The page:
Biden on Separation of Church and State
He suggests that we look at "every state where that wall is not built. Look at every country in the world where religion is able to impact on the governance. Almost every one of those countries, there's real turmoil."
Taken literally, the "impact" part describes all countries, including the U.S.; there is nothing in American law that prevents a voter from voting for or against a candidate or measure on the basis of the voter's religion. But suppose we take "that wall is not built" to mean, as the context of the answer suggests, countries where there is no legal principle of the separation of church and state. Perhaps I missed it, but where is the turmoil in England, where Anglicanism was the established religion when the Constitution was written and still is? In Argentina, Bolivia, Costa Rica, El Salvador, Lichtenstein, Malta, Monaco, Vatican City and parts of Switzerland where Catholicism is the established religion? In Denmark, Norway and Iceland where Lutheranism is the established church? In Greece where the official church is Eastern Orthodox?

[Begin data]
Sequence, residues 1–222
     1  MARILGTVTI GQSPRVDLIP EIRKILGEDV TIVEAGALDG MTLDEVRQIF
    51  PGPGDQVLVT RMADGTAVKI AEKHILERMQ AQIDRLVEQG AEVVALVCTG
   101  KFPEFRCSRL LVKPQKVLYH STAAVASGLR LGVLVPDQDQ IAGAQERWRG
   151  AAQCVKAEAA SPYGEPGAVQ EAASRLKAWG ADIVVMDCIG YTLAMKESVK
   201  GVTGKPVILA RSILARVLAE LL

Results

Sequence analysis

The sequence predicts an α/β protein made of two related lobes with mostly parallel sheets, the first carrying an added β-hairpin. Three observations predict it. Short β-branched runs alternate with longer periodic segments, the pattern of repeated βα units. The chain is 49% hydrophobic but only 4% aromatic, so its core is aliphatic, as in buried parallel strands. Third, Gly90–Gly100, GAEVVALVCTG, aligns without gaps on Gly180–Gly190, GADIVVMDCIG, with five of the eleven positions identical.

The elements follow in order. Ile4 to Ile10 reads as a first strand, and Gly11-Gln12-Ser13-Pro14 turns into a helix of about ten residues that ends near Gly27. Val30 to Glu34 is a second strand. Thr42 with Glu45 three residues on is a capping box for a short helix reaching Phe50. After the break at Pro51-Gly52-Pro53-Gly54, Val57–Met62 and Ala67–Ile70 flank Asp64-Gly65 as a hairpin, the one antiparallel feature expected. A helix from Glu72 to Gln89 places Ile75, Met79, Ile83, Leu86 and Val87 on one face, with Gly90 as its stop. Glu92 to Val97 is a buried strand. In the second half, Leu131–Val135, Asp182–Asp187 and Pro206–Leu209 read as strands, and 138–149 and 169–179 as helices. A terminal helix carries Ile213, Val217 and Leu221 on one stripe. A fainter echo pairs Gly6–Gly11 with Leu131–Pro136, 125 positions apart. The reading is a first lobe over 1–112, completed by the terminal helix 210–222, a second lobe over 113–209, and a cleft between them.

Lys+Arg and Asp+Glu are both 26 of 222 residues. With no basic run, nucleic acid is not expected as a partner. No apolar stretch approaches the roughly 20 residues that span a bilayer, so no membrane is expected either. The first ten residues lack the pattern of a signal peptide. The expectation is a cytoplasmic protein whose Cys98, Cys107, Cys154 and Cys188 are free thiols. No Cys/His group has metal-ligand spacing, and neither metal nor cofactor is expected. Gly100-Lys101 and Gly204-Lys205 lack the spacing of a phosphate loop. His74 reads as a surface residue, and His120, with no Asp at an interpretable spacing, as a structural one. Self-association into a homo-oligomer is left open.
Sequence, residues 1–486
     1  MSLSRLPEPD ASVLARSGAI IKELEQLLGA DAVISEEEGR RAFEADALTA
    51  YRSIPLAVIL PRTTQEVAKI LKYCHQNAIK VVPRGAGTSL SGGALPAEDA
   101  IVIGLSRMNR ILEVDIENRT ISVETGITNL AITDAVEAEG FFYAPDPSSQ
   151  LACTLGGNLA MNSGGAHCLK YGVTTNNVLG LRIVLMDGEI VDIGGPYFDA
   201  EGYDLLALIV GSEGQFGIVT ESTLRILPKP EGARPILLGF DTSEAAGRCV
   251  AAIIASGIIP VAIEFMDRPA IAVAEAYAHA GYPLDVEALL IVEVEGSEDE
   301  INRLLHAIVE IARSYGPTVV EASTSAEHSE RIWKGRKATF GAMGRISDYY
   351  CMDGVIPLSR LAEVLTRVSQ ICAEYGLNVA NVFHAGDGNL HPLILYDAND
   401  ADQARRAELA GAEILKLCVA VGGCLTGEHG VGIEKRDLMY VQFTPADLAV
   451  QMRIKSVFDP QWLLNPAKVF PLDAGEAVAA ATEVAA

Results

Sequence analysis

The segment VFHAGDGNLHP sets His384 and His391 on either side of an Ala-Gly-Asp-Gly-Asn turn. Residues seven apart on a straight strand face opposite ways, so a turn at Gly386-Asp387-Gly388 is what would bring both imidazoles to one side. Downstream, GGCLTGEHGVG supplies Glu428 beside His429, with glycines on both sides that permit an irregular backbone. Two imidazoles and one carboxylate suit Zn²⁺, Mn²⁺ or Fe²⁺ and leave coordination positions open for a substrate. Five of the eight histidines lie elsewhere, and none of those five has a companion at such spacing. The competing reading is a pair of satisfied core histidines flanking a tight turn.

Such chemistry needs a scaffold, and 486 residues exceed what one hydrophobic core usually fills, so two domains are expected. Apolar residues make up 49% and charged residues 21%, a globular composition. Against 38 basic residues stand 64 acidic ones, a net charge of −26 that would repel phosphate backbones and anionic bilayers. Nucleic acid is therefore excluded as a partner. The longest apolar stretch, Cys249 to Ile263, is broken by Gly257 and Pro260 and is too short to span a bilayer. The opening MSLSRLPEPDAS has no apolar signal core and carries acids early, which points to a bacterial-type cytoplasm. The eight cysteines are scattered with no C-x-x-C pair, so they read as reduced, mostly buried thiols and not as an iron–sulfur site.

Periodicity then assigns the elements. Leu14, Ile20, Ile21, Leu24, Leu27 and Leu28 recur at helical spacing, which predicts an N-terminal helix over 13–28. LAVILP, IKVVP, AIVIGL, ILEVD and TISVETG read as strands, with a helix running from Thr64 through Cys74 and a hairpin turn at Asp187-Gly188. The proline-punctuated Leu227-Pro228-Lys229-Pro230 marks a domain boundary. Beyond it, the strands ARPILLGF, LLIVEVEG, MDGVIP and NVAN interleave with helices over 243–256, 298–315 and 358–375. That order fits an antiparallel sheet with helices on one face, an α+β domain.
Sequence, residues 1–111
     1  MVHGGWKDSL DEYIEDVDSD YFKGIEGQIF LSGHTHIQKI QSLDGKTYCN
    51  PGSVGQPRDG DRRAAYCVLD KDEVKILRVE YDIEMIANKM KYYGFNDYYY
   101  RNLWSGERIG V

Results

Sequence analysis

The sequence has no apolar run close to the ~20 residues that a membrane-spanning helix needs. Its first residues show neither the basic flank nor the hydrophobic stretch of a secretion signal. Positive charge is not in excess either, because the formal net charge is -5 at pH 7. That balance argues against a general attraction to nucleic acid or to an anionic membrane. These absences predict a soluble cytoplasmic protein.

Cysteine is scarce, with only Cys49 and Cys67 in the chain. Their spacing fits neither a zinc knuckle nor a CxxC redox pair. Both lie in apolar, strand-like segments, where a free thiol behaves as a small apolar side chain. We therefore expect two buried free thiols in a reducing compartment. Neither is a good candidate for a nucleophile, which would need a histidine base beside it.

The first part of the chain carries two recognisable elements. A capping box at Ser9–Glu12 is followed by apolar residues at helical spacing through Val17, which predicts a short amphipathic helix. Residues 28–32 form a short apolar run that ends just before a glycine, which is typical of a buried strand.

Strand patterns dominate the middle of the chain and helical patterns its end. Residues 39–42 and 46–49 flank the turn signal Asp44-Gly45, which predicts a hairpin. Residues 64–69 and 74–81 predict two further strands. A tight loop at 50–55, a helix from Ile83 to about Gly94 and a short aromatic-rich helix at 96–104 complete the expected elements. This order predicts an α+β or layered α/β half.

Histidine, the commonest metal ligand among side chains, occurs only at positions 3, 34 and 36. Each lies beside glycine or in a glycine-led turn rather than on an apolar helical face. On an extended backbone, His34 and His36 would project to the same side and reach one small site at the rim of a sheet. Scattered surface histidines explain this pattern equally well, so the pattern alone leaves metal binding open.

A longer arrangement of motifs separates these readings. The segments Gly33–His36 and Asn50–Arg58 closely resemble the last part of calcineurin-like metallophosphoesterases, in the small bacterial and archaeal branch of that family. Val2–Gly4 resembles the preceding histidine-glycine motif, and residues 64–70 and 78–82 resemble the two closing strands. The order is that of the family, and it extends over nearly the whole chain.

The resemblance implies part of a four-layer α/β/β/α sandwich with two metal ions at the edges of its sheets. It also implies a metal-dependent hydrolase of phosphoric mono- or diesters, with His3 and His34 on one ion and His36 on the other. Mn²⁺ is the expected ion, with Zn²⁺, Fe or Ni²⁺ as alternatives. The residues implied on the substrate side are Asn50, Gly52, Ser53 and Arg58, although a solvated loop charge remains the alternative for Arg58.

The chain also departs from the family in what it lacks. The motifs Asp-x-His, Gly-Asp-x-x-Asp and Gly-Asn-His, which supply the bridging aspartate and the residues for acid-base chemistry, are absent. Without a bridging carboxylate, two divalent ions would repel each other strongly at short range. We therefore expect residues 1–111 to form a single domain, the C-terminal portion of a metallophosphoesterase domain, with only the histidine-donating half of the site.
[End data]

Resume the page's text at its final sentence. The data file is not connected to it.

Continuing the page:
It isn't surprising that Biden doesn't know about the established churches in Scandinavia, although that England has an established church is hardly an obscure historical fact. What strikes me here, as with the FDR comment he made earlier, is the impression that, faced with the need for facts to support his current argument, he simply invents them. He was presumably thinking of Muslim countries, which do not, with the notable exception of Turkey, have any principle of separation of church and state. But his argument required that almost all other countries follow the U.S. pattern, so he simply assumed it. That's a little disturbing—and reminds me a bit of Bush.
Fortunately, Obama is young and in good health.